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Posts Tagged ‘1951’

Suburban Rear Quarter Panel Holes

Wednesday, September 19th, 2012

The full rear quarter panels for the 1947-55 Chevy/GMC Suburban were made all the same at the metal stamping manufacturer.  To save money these panels were not made different if the Suburban was to have the double doors or the tailgate style opening in the rear.

Thus, when the Suburban was provided with a lift and tailgate combination the 4 holes for the “double barn door” hinges in the quarter panels were filled with rectangular rubber plugs.  This was not just for appearance but prevent rain water from reaching the body interior.

These photos show the plugs painted in body color; however it is questioned if this is correct.  By 1950, Suburban buyers had the choice of the 12 pickup colors.  It would have been more economical for all to have black rubber plugs instead of 12 boxes with the optional color prepainted plugs on the assembly line.

The other thought:  These plugs were painted when the full body was given its final color.  This would mean GM planned on the enamel body paint being of the quality that would successfully adhere to rubber over the years.  We don’t usually see this combination in other GM vehicles.  Special paint for rubber only is used!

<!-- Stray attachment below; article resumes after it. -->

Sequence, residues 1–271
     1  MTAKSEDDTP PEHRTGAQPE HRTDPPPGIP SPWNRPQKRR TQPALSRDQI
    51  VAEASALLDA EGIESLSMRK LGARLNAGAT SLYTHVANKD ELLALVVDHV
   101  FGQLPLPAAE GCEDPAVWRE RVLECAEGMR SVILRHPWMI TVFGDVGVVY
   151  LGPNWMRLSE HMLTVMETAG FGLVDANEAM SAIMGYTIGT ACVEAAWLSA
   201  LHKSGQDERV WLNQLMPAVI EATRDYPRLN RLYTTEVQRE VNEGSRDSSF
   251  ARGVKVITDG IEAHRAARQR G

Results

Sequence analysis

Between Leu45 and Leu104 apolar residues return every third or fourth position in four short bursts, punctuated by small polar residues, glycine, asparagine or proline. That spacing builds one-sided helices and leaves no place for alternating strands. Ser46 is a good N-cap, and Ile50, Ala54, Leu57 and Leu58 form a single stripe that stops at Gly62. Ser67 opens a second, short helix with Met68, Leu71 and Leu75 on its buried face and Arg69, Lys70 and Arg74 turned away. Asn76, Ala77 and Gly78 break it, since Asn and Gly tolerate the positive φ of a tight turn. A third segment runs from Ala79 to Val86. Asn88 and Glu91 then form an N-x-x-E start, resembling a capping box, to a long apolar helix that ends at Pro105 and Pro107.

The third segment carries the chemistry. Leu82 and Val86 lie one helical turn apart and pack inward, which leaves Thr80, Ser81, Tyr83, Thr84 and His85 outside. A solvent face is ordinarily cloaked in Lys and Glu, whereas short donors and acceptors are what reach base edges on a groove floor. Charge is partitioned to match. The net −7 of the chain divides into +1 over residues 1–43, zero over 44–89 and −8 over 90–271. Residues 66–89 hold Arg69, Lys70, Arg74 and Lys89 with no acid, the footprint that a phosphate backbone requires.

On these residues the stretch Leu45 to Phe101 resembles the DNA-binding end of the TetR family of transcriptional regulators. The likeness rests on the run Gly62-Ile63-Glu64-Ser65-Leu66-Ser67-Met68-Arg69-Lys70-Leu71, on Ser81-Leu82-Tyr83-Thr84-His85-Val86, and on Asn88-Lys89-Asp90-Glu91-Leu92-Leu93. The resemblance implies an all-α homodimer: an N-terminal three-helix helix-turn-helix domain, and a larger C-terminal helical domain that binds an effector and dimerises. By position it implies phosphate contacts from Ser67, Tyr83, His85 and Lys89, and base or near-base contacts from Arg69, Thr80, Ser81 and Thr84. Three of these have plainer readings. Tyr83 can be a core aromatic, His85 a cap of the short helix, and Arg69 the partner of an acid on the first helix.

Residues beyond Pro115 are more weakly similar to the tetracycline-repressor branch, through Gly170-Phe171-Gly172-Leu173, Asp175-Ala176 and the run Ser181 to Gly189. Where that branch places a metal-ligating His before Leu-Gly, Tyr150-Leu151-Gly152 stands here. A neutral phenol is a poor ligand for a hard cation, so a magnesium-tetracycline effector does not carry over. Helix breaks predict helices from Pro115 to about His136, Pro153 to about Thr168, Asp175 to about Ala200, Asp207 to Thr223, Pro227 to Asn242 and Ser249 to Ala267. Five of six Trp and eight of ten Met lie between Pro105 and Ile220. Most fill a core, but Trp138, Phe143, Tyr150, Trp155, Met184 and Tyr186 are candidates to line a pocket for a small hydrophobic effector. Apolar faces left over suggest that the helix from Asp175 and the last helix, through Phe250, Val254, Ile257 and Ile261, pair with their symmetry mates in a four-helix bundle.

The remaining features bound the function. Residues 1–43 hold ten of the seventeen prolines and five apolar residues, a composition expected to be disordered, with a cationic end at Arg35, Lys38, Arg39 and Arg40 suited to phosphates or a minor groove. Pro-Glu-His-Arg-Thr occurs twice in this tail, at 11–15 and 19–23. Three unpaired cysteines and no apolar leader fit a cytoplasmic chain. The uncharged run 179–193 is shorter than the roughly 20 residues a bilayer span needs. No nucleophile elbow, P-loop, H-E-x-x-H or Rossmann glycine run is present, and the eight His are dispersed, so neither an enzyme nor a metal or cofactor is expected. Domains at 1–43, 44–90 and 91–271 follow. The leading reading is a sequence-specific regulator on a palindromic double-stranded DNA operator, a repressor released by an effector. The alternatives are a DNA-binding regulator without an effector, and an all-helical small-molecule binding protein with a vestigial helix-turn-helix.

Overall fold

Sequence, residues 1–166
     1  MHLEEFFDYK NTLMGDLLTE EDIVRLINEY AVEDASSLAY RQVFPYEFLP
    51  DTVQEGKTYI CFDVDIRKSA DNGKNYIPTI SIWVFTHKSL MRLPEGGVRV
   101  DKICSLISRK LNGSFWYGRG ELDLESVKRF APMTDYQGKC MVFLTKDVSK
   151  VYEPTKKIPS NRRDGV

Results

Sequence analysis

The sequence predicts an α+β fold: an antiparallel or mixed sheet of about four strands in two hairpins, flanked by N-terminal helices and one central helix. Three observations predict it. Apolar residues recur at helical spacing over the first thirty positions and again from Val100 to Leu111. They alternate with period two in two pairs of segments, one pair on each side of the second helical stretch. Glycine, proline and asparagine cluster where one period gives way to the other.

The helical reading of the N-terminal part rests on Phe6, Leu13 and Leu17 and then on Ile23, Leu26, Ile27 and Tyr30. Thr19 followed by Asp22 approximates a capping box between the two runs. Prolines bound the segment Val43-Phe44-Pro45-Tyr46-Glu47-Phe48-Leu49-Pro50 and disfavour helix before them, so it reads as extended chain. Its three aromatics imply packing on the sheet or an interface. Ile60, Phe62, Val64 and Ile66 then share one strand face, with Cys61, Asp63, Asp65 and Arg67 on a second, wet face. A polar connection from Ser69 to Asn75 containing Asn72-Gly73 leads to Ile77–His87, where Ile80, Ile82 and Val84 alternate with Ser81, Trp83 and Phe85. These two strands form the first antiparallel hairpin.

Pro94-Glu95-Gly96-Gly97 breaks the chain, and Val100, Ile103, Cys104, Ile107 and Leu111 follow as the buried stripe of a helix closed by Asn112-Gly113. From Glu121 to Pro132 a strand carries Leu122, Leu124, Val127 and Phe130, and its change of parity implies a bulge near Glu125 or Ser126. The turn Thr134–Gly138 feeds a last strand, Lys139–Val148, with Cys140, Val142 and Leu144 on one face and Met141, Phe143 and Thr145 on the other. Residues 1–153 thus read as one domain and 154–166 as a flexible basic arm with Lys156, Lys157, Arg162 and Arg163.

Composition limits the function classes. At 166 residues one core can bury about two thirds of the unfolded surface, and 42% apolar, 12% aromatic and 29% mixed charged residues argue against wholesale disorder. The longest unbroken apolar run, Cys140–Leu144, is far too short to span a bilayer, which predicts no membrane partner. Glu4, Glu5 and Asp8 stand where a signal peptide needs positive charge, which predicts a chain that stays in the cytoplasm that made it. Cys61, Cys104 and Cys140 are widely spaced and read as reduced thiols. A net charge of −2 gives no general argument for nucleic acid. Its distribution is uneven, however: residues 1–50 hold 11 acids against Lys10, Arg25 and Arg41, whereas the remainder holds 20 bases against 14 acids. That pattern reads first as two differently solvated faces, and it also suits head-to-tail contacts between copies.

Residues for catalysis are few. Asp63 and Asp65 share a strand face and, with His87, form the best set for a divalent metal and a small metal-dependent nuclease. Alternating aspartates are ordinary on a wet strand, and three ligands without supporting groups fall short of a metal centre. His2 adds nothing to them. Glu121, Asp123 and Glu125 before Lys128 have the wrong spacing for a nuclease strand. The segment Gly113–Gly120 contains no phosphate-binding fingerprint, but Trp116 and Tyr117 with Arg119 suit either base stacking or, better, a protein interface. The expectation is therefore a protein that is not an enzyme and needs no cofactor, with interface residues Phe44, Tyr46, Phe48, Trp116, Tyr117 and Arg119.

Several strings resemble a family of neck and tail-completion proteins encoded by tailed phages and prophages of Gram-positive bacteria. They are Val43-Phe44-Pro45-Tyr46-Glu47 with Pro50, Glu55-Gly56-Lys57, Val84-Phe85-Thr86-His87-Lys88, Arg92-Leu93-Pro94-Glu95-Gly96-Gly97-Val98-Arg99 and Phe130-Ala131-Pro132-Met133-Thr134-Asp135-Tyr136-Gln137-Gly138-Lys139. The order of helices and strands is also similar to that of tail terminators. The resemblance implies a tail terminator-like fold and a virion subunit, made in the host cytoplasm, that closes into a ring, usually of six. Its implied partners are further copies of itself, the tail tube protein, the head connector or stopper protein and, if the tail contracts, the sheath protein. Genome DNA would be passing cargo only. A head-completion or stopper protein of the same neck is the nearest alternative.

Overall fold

Comments on how it really occurred:  Email us at jcarter@oldchevytrucks.com

Aftermarket Dual Rear Wheels

Monday, April 18th, 2011

What a unique invention. When you have a 1947 through 1959 single rear wheel 3/4 or 1 ton GM truck and need more pulling power, this is the answer. American ingenuity at its best!

This new steel center hub extension includes eight long bolts to reach the original wheel studs. This holds the factory wheel in place and then provides a threaded end for the original eight lug nuts which are holding another matching wheel.

The buyer of this aftermarket kit just had to be sure his new outer tire was the same height as the original inner tire.

Pictures and data from Scott Golding, Stratton, NE.
email: scottandbetty@hotmail.com

1951 Chevrolet Tilt A Whirl

Friday, April 16th, 2010

Listed on Ebay during April 2010.
It sold for $3,495.00…
What a bargain for this piece of American History!

1951 Chevrolet Tilt A Whirl

This is a very unique one of a kind 1951 Chevrolet Tilt A Whirl style Carnival Amusement ride. This vehicle was used back in the day to go around the streets of New York to give rides for 5 cents to the kids who could not afford to go to a regular carnival or amusement park. Unbelievable history for what this truck represents. Basically it rode around and stopped for kids just like the ice cream trucks of today do.